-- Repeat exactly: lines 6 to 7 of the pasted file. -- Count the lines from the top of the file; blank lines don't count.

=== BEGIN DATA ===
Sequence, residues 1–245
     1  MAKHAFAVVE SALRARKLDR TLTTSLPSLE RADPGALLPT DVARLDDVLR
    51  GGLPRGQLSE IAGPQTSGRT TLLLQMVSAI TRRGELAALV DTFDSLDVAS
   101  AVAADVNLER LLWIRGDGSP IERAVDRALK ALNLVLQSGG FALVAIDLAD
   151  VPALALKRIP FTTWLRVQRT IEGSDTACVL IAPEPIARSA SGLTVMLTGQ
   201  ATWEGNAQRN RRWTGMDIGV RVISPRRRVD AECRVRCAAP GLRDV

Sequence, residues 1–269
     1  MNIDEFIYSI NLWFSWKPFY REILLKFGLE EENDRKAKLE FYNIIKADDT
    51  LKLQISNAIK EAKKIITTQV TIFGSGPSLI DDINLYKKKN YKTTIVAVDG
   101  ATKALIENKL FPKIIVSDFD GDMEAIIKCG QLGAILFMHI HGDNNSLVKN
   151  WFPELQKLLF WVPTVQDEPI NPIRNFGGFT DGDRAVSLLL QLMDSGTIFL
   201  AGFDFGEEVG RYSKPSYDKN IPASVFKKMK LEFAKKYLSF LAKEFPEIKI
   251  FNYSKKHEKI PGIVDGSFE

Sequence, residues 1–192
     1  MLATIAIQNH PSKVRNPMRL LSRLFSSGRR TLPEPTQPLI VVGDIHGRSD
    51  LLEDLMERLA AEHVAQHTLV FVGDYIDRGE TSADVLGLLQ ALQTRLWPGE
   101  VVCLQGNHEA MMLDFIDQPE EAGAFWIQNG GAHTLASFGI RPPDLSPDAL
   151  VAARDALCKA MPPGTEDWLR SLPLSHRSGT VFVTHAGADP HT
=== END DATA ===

   201  ATWEGNAQRN RRWTGMDIGV RVISPRRRVD AECRVRCAAP GLRDV

Sequence, residues 1–269